Apple agrees to establish $100 million fund and make changes to App Store policies to settle a lawsuit by US developers

To resolve a class-action lawsuit from US developers, Apple has agreed on making meaningful changes to the App Store policies and practices. For the first time, the company will allow developers to directly communicate alternative payment methods to the customers. In addition, Apple has also agreed to establish a $100 million fund for small developers who were impacted by the COVID-19 pandemic. The proposal will go into effect after the court’s approval.

In 2019, iOS developers filed a lawsuit against the company’s 30% in-app purchases commission rate,  accusing it of creating an App Store monopoly to impose “profit-killing” commissions.

This settlement also addresses another policy Cupertino tech giant has been criticized for, an anti-steering policy. During Epic Games vs. Apple trial, the company was called unfair and monopolistic for not letting developers redirect users outside of the Apple ecosystem using emails associated with the accounts or through website links to offer lower prices for in-app purchases. Recent efforts by antitrust regulators also focus on providing developers an avenue to offer alternative payment methods.

Apple

New changes coming to Apple’s App Store for developers under the agreement

Apple says that the terms of the agreement were decided based on developers’ feedback and ideas to make App Store “an even better  business opportunity for developers while maintaining the safe and trusted marketplace users love.” The proposed changes are as following:

  1. Apple’s reduced 15% in-app purchases commission rate will continue for at least the next three years.
  2. Search results will continue to be based on objective characteristics like star ratings, text relevance, downloads, and user behavior signals for at least the next three years.
  3. Developers will be able to communicate alternative payment methods to users via email. Apple will not be entitled to any commission for all purchases made outside the app or the App Store.
  4. Apple will expand the price points to developers from fewer than 100 to more than 500 for in-app purchases, subscriptions, and paid apps.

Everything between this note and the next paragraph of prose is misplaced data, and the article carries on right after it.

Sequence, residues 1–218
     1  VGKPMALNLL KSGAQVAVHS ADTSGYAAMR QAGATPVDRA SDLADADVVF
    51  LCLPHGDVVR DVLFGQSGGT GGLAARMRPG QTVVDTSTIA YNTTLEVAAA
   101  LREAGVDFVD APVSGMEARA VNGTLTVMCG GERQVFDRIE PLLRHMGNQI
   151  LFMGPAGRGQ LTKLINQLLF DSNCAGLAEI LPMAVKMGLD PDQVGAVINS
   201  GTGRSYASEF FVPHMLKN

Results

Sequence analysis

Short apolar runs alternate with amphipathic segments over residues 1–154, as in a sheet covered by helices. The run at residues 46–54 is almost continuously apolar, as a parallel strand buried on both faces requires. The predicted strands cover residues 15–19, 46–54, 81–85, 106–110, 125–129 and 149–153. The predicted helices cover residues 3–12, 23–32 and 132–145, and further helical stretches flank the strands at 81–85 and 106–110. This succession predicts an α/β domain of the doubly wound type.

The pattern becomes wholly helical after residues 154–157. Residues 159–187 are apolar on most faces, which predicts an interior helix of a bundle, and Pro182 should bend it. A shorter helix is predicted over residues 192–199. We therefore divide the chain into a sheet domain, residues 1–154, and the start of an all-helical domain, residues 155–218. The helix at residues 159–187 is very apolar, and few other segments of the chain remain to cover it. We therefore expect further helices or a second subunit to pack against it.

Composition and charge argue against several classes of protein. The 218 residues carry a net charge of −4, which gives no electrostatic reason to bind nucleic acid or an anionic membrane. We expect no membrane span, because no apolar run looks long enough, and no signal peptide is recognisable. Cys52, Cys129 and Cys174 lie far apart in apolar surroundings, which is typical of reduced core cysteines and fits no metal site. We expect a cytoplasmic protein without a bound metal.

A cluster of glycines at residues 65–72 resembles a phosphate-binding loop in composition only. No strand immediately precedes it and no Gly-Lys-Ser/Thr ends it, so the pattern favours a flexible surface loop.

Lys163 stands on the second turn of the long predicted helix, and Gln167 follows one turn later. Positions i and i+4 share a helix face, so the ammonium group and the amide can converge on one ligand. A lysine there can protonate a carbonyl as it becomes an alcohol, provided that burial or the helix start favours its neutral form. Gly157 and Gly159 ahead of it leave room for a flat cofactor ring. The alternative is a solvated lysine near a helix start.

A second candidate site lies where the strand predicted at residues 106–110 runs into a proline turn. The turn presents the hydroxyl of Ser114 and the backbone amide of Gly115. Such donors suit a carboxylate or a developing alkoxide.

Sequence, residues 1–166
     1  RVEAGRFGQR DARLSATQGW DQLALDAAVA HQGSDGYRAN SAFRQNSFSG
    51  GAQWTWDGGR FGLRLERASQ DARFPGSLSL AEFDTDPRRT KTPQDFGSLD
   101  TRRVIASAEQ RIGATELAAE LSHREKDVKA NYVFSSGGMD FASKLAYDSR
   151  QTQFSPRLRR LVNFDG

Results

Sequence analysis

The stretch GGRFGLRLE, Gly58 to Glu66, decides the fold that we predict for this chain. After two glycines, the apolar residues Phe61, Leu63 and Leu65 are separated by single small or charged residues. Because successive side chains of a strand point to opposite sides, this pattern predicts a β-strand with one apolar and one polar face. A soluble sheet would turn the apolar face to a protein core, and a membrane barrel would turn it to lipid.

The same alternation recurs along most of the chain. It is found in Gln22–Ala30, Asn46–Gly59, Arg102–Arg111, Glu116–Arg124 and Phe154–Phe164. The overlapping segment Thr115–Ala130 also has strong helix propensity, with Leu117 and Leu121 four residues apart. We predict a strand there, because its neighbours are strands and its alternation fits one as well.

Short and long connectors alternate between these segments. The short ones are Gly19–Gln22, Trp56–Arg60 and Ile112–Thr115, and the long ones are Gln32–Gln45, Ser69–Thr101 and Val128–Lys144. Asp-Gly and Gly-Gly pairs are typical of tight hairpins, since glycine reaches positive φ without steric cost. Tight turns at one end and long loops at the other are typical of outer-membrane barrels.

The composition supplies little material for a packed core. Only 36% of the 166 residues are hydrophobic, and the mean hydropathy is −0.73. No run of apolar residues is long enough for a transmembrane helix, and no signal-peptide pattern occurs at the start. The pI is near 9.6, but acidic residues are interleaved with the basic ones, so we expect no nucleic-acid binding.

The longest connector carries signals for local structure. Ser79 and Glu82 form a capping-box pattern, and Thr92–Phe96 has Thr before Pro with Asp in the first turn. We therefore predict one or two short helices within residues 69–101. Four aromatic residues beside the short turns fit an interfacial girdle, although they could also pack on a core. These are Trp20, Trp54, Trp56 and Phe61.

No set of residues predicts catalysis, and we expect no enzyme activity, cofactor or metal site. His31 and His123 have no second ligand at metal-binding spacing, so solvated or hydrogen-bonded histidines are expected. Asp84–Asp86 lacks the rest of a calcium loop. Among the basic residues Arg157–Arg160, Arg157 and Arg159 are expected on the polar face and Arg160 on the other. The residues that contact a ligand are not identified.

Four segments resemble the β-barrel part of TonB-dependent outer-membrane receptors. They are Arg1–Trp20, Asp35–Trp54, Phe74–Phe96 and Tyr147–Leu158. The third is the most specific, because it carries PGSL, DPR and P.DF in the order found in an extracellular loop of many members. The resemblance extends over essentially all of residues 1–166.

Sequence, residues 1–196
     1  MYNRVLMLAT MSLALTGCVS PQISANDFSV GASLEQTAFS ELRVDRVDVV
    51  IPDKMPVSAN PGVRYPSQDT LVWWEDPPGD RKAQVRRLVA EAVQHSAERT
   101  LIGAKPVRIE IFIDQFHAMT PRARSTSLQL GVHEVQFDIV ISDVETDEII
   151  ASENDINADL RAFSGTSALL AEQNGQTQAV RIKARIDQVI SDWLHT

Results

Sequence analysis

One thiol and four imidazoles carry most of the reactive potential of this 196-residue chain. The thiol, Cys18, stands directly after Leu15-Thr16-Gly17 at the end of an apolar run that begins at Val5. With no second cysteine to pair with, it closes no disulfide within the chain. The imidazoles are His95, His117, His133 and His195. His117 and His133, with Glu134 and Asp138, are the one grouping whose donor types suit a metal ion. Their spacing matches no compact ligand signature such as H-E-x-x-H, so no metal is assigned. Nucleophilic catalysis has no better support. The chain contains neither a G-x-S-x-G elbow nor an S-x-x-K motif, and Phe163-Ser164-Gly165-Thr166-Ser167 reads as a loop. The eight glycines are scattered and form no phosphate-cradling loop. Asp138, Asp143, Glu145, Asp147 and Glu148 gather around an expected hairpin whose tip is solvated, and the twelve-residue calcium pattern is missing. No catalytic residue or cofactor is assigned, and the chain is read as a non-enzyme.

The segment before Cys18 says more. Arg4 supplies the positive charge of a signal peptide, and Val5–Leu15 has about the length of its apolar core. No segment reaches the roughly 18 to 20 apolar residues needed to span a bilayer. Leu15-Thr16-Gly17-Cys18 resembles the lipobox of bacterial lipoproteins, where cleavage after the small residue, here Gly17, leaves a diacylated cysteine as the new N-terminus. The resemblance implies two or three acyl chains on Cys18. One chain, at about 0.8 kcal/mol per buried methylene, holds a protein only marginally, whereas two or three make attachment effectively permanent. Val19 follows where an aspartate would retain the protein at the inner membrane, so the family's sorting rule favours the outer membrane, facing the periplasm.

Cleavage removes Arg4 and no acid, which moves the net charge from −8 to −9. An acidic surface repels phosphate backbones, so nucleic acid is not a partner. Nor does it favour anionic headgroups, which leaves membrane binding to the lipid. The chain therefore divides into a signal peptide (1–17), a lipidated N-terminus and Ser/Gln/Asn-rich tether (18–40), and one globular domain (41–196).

5. Apple will improve communication with developers for the rejections appeal process and will add content on the App Review website to make the process clear.
  6. The company will create an annual transparency report on the App Store which will share data like “meaningful statistics about the app review process, including the number of apps rejected for different reasons, the number of customer and developer accounts deactivated, objective data regarding search queries, and results, and the number of apps removed from the App Store.”
  7. Apple will establish a $100 million fund to assist small US developers, especially for COVID-19 affectees. The company says the eligibility criteria covers 99% of developers.

Phil Schiller, Apple Fellow who oversees the App Store said:

“From the beginning, the App Store has been an economic miracle; it is the safest and most trusted place for users to get apps, and an incredible business opportunity for developers to innovate, thrive, and grow. We would like to thank the developers who worked with us to reach these agreements in support of the goals of the App Store and to the benefit of all of our users.”

About the Author

Addicted to social media and in love with iPhone, started blogging as a hobby. And now it's my passion for every day is a new learning experience. Hopefully, manufacturers will continue to use innovative solutions and we will keep on letting you know about them.

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